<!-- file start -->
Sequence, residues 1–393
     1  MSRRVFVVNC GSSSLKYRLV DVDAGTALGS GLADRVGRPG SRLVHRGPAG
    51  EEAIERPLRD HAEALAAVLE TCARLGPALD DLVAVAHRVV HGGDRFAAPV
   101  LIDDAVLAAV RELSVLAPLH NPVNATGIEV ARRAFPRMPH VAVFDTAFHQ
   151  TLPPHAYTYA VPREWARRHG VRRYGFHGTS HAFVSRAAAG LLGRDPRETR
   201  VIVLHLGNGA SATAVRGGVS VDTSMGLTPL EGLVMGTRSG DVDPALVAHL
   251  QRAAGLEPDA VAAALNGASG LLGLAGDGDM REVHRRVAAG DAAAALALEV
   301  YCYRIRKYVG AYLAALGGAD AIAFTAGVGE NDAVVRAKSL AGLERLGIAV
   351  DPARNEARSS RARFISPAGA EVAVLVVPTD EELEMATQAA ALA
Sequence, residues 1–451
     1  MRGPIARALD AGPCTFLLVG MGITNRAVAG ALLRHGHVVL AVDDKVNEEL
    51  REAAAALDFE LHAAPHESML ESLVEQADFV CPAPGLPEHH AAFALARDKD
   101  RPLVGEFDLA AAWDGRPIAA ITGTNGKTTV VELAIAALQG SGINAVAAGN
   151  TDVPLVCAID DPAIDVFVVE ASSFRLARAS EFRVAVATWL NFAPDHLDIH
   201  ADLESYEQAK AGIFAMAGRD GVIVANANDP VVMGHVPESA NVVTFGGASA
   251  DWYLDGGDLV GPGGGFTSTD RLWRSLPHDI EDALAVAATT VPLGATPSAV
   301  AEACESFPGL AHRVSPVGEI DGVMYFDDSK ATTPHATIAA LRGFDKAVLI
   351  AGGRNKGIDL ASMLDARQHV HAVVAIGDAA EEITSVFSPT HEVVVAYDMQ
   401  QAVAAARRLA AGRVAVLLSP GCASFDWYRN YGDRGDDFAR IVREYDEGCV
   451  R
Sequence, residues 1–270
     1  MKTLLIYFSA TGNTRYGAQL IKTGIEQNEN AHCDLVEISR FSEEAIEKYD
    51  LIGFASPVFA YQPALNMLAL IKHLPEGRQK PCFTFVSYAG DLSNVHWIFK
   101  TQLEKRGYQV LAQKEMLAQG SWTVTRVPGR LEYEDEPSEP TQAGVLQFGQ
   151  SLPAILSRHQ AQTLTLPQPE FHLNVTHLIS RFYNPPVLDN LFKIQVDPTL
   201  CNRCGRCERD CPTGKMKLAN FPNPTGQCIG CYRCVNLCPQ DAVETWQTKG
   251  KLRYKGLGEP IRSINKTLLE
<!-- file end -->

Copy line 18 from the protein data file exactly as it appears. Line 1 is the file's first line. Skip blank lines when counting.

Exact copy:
   351  AGGRNKGIDL ASMLDARQHV HAVVAIGDAA EEITSVFSPT HEVVVAYDMQ